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University of Waterloo | Waterloo, Ontario, Canada
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Wednesday, April 26, 2000

  • High schoolers write French contest
  • Young writers converge on Renison
  • Pixels in the big picture

[She's got her red hat]
A fire drill drove staff out of Needles Hall late yesterday morning, giving Nancy Heide of the community relations office (standing beside Bob Truman of institutional analysis and planning) a chance to model her red fire marshal's hat. Fire drills continue today across campus. Morning: HS, PAC, GSC, ECH, 156 Columbia, BFG. Afternoon: LIB, PHY, DC, C2, MC, ESC, B1 and B2.

High schoolers write French contest

The department of French studies will hold its 27th annual French Contest today, with some 210 participants from 70 high schools in southwestern Ontario.

The students will be on campus to spend three hours on the exam, which includes an oral interview, a dictation, reading and listening comprehension and a written language test. Volunteer students, faculty and staff from the department of French studies, along with numerous teachers from participating high schools, will conduct the interviews and mark the exam.

The contest has grown steadily; last year there were 54 schools involved and this year there are 70, from ten school boards, says contest organizer Pat Aplevich.

The overall winner will enjoy a two-week home stay in France (valued at $900) donated by Red Leaf Tours and a return flight to France funded by donations. Second prize is a cash award of $500. Third prize is $250.

Some 30 top-scoring students will go home with other cash prizes, plaques and dictionaries, donated by various firms and organizations including UW's St. Paul's United College. Says Aplevich: "We also thank numerous high school teachers and school boards that have contributed to the contest, providing the $5,000 worth of prizes to be awarded on May 18 at the 27th Annual Awards Banquet."

Young writers converge on Renison -- from the UW news bureau

Lots of us struggle with handwritten notes, searching for the right words to offer condolences, say thanks or congratulate a friend. So we can appreciate the achievement of about 200 local high school English students who excel in the elegance of expression. They will take the University of Waterloo's Renison College "hostage" on Wednesday, quipped Prof. Judith Miller, of English at Renison College.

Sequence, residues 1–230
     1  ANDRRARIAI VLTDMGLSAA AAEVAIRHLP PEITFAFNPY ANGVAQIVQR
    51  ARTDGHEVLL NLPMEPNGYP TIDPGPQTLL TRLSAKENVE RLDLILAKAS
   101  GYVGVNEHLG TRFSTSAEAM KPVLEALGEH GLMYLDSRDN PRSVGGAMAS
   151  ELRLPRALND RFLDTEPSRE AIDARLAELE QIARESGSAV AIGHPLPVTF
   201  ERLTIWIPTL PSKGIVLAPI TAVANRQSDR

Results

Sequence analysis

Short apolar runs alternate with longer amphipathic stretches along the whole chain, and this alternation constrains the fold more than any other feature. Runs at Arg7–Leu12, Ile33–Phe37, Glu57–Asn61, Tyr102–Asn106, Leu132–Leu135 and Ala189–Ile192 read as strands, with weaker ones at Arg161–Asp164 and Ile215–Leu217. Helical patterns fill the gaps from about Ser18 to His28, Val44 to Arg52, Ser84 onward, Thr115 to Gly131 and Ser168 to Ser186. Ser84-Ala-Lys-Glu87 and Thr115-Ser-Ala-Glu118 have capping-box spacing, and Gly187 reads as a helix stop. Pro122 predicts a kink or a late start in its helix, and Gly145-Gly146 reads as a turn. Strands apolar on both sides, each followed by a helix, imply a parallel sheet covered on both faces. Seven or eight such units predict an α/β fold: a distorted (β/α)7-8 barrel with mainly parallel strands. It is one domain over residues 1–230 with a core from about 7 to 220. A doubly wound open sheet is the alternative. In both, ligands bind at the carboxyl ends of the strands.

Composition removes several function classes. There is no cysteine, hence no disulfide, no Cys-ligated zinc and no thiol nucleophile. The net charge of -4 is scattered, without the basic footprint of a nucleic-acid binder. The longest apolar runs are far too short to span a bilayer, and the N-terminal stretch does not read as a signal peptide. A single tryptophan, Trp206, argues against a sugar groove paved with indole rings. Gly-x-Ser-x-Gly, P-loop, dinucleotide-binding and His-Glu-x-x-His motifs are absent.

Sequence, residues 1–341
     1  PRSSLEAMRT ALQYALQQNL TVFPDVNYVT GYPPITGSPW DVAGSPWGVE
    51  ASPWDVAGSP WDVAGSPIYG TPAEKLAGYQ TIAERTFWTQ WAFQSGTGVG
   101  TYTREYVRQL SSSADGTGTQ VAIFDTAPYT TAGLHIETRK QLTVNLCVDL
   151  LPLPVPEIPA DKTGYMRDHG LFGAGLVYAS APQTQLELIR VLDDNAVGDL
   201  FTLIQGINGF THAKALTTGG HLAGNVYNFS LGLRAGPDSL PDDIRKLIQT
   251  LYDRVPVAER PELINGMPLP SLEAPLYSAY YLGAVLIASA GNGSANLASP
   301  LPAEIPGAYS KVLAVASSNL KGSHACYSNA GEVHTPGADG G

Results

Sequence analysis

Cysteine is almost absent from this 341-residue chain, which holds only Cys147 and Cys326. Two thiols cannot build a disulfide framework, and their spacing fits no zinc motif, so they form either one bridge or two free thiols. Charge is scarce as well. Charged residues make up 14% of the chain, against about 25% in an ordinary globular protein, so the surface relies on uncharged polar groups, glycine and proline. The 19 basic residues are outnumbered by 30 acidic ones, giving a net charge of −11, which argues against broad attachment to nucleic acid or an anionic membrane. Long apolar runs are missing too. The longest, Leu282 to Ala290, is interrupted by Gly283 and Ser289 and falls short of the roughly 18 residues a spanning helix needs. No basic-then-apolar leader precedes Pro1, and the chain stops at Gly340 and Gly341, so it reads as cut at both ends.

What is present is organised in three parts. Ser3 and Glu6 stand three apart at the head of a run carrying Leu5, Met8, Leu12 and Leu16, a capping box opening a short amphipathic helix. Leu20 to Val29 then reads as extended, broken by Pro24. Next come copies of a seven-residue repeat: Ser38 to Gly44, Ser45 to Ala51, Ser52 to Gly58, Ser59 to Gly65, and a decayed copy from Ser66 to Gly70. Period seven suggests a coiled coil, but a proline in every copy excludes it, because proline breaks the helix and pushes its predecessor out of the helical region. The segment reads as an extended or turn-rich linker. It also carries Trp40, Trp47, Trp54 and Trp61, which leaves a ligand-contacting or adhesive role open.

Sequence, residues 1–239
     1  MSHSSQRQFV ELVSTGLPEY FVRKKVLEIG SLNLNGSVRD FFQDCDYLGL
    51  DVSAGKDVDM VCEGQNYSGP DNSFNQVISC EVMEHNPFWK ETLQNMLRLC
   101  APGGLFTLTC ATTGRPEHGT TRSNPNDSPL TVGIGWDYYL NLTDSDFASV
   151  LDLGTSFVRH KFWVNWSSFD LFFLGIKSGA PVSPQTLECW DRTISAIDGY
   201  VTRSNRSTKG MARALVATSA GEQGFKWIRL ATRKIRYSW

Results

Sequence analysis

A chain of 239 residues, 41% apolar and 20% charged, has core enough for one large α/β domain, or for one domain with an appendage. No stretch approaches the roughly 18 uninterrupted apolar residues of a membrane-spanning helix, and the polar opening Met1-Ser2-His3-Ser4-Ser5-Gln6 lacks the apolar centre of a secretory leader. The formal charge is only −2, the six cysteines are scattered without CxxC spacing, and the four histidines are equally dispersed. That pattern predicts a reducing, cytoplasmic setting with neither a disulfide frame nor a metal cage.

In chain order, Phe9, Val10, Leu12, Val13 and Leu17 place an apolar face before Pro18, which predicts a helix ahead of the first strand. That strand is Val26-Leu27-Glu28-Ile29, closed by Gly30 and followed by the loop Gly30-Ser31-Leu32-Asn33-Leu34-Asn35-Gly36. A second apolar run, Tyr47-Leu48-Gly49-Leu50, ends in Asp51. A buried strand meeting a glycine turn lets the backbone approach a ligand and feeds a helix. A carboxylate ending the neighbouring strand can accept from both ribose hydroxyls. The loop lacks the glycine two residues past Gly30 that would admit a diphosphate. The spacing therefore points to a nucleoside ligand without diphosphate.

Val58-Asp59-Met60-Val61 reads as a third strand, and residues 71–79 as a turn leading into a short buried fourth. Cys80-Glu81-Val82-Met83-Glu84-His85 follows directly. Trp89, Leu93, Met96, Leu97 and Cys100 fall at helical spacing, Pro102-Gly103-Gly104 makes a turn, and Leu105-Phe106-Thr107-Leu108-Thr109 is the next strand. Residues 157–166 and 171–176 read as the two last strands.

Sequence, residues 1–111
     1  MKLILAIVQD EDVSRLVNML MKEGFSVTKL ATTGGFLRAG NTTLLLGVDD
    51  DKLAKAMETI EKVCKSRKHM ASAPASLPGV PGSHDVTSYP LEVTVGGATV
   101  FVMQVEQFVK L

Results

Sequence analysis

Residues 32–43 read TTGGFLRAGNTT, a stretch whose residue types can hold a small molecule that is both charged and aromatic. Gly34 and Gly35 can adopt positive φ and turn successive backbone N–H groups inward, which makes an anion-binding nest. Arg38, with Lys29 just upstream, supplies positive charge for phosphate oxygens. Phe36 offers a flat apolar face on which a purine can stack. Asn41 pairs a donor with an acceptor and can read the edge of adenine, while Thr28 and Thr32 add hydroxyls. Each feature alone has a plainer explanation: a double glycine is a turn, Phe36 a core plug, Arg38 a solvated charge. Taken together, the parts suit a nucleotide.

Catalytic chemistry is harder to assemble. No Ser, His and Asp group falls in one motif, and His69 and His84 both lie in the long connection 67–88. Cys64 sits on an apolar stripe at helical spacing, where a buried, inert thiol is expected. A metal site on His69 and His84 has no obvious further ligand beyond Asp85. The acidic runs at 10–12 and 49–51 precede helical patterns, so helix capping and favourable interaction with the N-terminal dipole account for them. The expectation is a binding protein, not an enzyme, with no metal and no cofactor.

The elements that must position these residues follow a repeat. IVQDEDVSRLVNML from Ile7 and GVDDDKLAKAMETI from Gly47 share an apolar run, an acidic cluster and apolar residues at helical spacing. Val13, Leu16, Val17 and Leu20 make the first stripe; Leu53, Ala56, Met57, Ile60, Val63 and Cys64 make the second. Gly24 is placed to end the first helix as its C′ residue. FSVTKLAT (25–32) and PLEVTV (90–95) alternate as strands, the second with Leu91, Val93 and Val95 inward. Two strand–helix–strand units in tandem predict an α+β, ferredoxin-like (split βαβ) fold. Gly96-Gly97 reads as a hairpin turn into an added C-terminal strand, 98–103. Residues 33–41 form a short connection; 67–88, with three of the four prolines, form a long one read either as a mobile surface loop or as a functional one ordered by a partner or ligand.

These young aspiring writers -- future Margaret Atwoods, Nino Riccis and Dionne Brands -- will participate in a one-day workshop leading up to the 22nd annual Waterloo County High School English Awards.

Said Miller: "Renison has been hosting the workshop for over 10 years, as well as sponsoring the junior poetry award." Initially invited to be a workshop leader several years ago, Miller has been involved in the event ever since.

Not only will the students get a taste of campus life, but also they will make literary connections outside their own schools. "During the workshop at Renison, their creativity is really given a chance to blossom because they're in a community of people who appreciate what they can give to it," Miller said.

Local high school teacher Barbara Carter, who has organized the workshop for several years, said: "The Waterloo County High School English Awards involve more than anything else a celebration of the arts for young people in all of the high schools in the area." Carter, who stepped down from her position this year, has passed the responsibility for the workshop to co-worker Shelley Blom.

The contest, which is sponsored by high school English teachers of Waterloo County, is open to all Waterloo region high school students. It is considered to be unique in Canada, offering secondary school students an opportunity to show their excellence in writing. This year's reception and awards presentation will be held at Jacob Hespeler Secondary School on May 17 at 7 p.m.